The inspiring, true story of a lowly duck.
I can't tell you the story of Mr. Duck's youth as we only came to be acquainted upon our moving into this, his home, and our new home. I would assume that he started out a jolly hatchling as most ordinary ducks do.
Mr. Duck was one of three ducks that swam about the pond that was set nicely at the bottom of the hill. Two of the ducks were mallards, one male and one female. But Mr. Duck was not a mallard. He was a... well, we don't know.
Mr. Duck appeared to be a breed all his own. And it is quite possible that for that very reason he had such a trying time. He was a sort of third wheel in the pond. No mate to enjoy splashing with, no special someone to share a tasty meal of floppy fish or the occasional breadcrumbs that the children sprinkled.
Mr. and Mrs. Mallard were quite civil to Mr. Duck, don't get me wrong. They never chased him away, but they did tend to ignore his presence as he swam some ten feet behind in their wake.
Within a week or so of our moving into our new home, we were unpacked and fairly comfortable. The ducks seemed to accept our offer of crushed corn or grain with only minor timidness.
It was the colorful season of autumn when we moved in, and as luck would have it, it was the time of year when ducks have great gatherings of friends and family over for visits - a reunion of sorts.
I was pleasantly surprised the morning that I looked out from the window to see twenty or so ducks swimming, conversing, and bathing (after their long journey it's understandable to need some freshening up).
I quickly went outside with a can of crushed corn to feed our flock of guests. To my surprise, they took to flight up and out of the pond and over the trees. It sounded like they were shouting, "Can! Can! Can!". But I suppose that they may have just as easily been shouting Quack!
"More food for us," said Mr. Duck with a little grin.
Mr. Mallard chimed in with, "If I've told them once, I've told them a thousand times... A can in hand is food for the belly!"
Although having all these friends over was fun to see, I was concerned about the pond's ability to sustain such a mob and I voiced my concern to Mr. Duck.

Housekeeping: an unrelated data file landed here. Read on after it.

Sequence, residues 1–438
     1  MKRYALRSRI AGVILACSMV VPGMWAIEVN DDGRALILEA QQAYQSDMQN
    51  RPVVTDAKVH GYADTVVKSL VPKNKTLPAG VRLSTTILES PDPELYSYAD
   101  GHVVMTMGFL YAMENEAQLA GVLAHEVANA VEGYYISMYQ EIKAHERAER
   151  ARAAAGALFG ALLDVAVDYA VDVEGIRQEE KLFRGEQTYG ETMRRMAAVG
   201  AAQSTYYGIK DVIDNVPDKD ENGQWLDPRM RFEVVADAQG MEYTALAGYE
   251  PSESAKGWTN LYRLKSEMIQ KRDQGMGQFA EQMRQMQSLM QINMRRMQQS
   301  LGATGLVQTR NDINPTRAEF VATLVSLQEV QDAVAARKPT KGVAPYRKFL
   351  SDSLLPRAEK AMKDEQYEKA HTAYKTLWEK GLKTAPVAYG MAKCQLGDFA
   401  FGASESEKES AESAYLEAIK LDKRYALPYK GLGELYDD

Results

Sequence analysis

"Don't worry," Mr. Duck began. "They only stay for three or four days, and never more than a week."
At that point, my dog came plodding over to see what the hubbub was, and all three ducks quickly made their way back to the water. I heard someone say, "Never trust anybody that has that much hair!"
Mr. Duck was right. The feathered convention indeed only lasted a few days. And each time that we went out with our can of treats, the flock took to shouting flight, leaving the three amigos behind.
The morning that I awoke to find that our guests had gone for good was a sad one for me. Mr. Duck assured me that they would be back in the spring for another brief visit. I could see a little sadness in his eyes, but I dared not to ask why. We hardly knew each other well enough for questions of such a personal nature.
It wasn't long after that I met one of our human neighbors, a young mother of four, bearing a "welcome to the neighborhood" basket.
I told this new, friendly neighbor of mine all about our ducks and the huge get together that had just taken place. She then explained to me that our pond had once been home to many ducks. "I wonder what happened to them all?" she said curiously.
I wondered too. "Maybe they set off to seek their fortune and find new homes of their own," I thought to myself. "Could this have caused the sadness that I noticed in Mr. Duck's eyes?" Tune in next week (or whenever) for the next installment of Everything's Ducky!
To continue reading the saga Everything's Ducky, fill in the box below to receive your password and notifications of subsequent chapters!
See some funny articles here...
Or see some Stories for Children here.